I love it!

Buying a Group's CD After the Show

200 Reasons To Love A Cappella

Reason #122: Buying a Group’s CD After the Show

While plenty of people who sing a cappella will tell you they do so for the love of the art form and the joy of making music, money remains central to the <i>business</i> of a cappella. Whether a group performs at the scholastic level, semi-professionally, or as a legitimately professional act, money is key for studio time, live performance equipment, travel costs, and more.

Attending a group’s live performance is great, but there are few more impactful ways of supporting a group than by buying its CD (or, as is more common now, buying their digital album). Buying a CD after a show demonstrates an appreciation for the live performance and interest in taking the group’s work home to make it part of your personal life. In buying the CD, you’re supporting the group financially and artistically. Better yet, for your own good, you get to bring home an exciting collection of music that diverges from top 40 radio or the tracks iTunes pushes on its customers, instead capturing music that you’ve discovered firsthand via a live performance.

I love it!

Wild Transitions Between Songs

200 Reasons To Love A Cappella

Reason #123: Wild Transitions Between Songs

Contemporary a cappella groups rarely entrench themselves in single, solitary genres. Particularly at the scholastic level, most of today’s groups traverse a range of genres, artists, and time periods to represent musical interests as diverse as those represented in the group (if not the entire audience).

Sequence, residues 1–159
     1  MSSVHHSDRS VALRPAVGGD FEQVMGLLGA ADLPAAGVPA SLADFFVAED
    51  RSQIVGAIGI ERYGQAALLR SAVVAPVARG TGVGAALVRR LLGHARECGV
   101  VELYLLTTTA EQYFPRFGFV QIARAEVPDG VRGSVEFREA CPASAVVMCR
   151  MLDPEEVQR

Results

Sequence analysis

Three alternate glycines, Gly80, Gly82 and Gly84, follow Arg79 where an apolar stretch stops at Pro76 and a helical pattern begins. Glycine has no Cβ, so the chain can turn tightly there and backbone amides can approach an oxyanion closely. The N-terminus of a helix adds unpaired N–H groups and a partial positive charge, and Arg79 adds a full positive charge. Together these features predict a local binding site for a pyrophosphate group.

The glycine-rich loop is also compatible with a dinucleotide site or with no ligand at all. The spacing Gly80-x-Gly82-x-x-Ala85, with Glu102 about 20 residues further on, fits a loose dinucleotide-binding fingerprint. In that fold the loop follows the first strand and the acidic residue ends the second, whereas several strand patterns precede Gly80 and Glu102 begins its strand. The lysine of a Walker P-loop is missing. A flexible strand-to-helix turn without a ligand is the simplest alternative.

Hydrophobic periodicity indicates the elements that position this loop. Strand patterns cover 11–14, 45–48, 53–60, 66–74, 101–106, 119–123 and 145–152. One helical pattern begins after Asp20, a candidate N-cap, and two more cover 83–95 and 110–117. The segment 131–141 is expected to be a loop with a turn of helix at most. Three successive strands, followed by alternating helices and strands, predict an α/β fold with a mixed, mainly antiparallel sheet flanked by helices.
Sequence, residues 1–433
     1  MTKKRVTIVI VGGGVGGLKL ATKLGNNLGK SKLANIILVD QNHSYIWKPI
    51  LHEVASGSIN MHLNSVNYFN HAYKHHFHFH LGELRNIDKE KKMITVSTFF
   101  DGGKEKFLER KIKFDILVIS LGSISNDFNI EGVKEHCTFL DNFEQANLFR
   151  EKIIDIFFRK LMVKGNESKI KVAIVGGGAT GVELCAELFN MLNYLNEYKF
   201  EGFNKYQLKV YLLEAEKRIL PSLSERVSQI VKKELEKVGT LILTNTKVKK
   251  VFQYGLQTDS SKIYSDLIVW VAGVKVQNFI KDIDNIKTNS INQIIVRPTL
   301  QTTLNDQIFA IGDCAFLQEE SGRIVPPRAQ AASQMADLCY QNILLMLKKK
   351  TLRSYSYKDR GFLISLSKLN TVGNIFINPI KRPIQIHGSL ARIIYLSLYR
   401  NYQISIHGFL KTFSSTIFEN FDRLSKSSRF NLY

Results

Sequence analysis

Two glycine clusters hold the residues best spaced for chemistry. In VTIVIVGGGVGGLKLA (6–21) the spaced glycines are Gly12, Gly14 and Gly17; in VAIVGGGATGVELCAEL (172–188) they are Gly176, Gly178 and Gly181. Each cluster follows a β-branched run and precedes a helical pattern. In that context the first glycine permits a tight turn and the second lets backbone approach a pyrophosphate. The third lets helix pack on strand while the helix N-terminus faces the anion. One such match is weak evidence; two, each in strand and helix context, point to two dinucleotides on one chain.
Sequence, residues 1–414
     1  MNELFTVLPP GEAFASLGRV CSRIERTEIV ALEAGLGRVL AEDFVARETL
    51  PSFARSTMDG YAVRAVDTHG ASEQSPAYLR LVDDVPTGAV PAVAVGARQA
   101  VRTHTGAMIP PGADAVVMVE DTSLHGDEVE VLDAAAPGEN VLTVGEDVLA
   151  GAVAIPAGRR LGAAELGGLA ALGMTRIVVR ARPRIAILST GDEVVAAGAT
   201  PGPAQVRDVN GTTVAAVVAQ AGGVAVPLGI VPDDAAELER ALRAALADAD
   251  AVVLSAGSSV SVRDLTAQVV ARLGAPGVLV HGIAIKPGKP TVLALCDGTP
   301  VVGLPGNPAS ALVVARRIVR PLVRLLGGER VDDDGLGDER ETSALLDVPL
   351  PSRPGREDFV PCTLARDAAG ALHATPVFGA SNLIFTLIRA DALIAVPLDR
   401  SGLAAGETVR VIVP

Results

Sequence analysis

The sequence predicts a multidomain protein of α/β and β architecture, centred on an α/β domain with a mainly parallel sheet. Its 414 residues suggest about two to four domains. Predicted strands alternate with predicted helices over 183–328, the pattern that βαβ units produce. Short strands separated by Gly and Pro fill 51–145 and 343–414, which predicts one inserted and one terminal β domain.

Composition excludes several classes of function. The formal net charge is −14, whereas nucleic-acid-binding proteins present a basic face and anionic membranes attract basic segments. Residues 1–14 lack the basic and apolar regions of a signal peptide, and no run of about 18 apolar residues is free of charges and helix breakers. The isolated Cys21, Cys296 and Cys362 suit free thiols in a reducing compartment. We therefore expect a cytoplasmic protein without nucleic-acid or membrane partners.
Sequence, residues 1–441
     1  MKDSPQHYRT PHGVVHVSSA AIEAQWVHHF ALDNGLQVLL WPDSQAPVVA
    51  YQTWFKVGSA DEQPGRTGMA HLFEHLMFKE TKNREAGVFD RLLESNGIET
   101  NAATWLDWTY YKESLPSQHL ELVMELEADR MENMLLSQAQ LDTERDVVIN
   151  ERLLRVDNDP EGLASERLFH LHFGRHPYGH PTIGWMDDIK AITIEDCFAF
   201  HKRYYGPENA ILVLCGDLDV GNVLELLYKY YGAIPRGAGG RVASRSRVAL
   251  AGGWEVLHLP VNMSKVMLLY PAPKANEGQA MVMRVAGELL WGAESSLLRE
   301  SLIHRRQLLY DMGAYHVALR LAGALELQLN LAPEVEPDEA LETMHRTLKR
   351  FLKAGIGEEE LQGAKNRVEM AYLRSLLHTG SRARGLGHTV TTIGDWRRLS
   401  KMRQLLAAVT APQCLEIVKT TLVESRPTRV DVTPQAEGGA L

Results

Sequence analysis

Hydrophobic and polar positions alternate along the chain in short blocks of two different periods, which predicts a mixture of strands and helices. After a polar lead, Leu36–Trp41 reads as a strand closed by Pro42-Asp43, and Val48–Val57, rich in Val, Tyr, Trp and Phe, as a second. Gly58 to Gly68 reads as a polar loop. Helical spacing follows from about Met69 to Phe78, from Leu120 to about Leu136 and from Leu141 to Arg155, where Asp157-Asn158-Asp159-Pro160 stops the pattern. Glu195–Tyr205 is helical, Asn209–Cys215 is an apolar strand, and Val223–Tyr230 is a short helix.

When groups diversify their repertoires, they not only provide something to appeal to everyone, but also allow for wild, and wildly entertaining, transitions between songs. Consider, for example, The University of Georgia Accidentals’ 2012 ICCA Finals set. They started a high energy, highly choreographed version of Justin Beiber’s “Never Say Never,” mellowed out to a sterling take on Simon and Garfunkel’s “Bridge Over Troubled Waters,” then hit a modern groove on Parachute’s “Something to Believe In.” A set like this keeps audiences on their toes and accentuates the most powerful elements of each song based on how fundamentally <i>different</i> the sound and presentation was from the song that preceded it

I love it!

Next Page
Clean Sound
Hearing the Story Behind a Song
Intro Videos
Wild Transitions Between Songs
Buying a Group's CD After the Show
Wild Transitions Between Songs
Meeting a Group After the Show
Distinctive Syllables
One Group Inspiring Another
The Remix to Ignition
When Over the Top Costuming Works
Aca-Wedding Proposals
The Sound of a Pitch Pipe
Hearing a Song Evolve
Seeing a Second Group Sing the Same Song—And Do It Better
The One Guy Who Wants It Badder Than Anyone Else
Hearing a Song You Thought No One Else Knew
Sweating
Fake Outs
Large Men Who Can Work The Stage
The Battle
The CMU Originals’ Boat
Witnessing Someone’s First Solo
Hearing a New Song Debuted
Spitting On Mics
Impromptu Performances
The National Anthem
American Harmony
Innovative Stage Entrances
Well-Rehearsed Exits